Adiantum capillus-6eneris L. is used in the Callejon de Huaylas primarily as an emena´ gogue and in the treatment of bronchitis and coughs. Traditional medicinal uses in other regions do not appear to corroborate these effects, however, other claims have been made. For example, in the Department of Piura, a decoction of the whole plant is used internally as a sudorific, diuretic and to treat gallstones. It is also mixed with milk and drunk as an anti-icteric. Externally, it is rubbed to prevent hair loss (De Feo, 1992); this hair-stimulant effect has also been observed in the Venezia Giullia region of Italy (Lokar and Poldini, 1988). The Mexican Kickapoo Indians use a decoction of the entire plant (`helecho culantrillo') for its claimed antifertility effect, for which it is mixed with Dryopteris normalis (Polypodiaceae) and drunk for four consecutive mornings following intercourse (La Torre and La Torre, 1977). The methanolic extract of the dried aerial parts of A. capillus6eneris has shown antibacterial (Mahmoud et

3.19. Verbenaceae

The aerial parts of Verbena litoralis HBK fma. albiflora (syn.: Verbena litoralis var. albiflora Moldenke) (Brako and Zarucchi, 1993) is used as anthelmintic and antirheumatic by the people in the Callejon de Huaylas. This plant, ´ used in Costa Rica in the treatment of diarrhea (Castro et al., 1990), has been shown to contain cafeoil and iridoid glycosides (Umana and Castro, 1990).

28

G.B. Hammond et al. / Journal of Ethnopharmacology 61 (1998) 17­30

4. Conclusions Of the 33 medicinal plant species surveyed in the Callejon de Huaylas, six have not been previ´ ously reported in the literature (Geranium sessiliflorum, Orthrosanthus chimboracensis, Otholobium glandulosum, Polylepis racemosa, Senecio culcitioides and Werneria caespitosa), while seven have received only minor phytochemical coverage (Alnus acuminata, Werneria nubigena, Cassia tomentosa, Desmodium mollicum, Lepechinia meyenii, Senecio tephrosioides and Verbena litoralis), and the medicinal uses of seven other plants have not been corroborated with traditional medicinal reports from around the world (Gamochaeta spicata, Senecio rhizomatosus, Tagetes filifolia, Sambucus peru6iana, Equisetum bogotense, Eugenia myrtomimeta and Tanacetum parthenium). The traditional medicinal uses of six medicinal plants have been corroborated by previously published reports, but their biological activities have yet to be confirmed in the laboratory (Schinus molle, Culcitium canescens, Jungia paniculata, Borago officinalis, Minthostachys mollis and Cestrum auriculatum). The medicinal uses of four other plants have been corroborated by previously published reports and their biological activities have also been confirmed in the laboratory (Krameria lappacea, Melissa officinalis, Peperomia galioides and Adiantum capillus-6eneris). The purported medicinal use of three plant species have not been confirmed in the laboratory (Mentzelia cordifolia, Muehlenbeckia tamnifolia and Mutisia acuminata).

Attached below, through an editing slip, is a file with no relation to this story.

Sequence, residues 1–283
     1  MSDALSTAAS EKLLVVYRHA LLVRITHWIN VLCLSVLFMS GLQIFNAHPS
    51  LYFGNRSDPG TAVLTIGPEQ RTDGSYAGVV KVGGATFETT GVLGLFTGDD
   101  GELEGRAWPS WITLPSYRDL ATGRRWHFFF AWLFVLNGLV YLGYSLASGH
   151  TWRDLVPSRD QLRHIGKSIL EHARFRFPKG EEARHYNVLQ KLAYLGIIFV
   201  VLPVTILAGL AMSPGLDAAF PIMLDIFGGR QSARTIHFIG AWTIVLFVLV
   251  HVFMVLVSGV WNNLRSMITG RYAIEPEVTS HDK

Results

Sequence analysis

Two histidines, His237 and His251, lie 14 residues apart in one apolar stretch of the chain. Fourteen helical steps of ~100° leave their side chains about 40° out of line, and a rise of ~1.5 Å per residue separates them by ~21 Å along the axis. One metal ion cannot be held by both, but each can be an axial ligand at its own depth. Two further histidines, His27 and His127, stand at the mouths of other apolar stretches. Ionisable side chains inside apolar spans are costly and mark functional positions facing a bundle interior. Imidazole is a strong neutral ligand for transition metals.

authors also wish to extend their thanks to Mr Hugo Loli del Castillo for his invaluable help during the various expeditions to the Callejon de ´ Huaylas, to all the staff who helped identifying the plant specimens at the Herbarium of the Museo Natural Javier Prado and to the people of the Callejon de Huaylas for sharing their valuable ´ knowledge, especially Victoria Lazaro, Alejandro ´ Silva, Alvina Guane y Severiana Leon. ´ ´

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Acknowledgements The authors gratefully acknowledge the financial assistance of the National Institutes of Health (Grant c 1 R15 CA 56911-01A1), National Science Foundation (Grant c INT-9221270) and the Program in Science and Technology Cooperation, Office of the Science Advisor, US Agency for International Development (Grant No. 9365542-G-00-918-00). The corresponding author (GBH) is grateful to the Camille and Henry Dreyfus Foundation (TH-96-012) for its support. The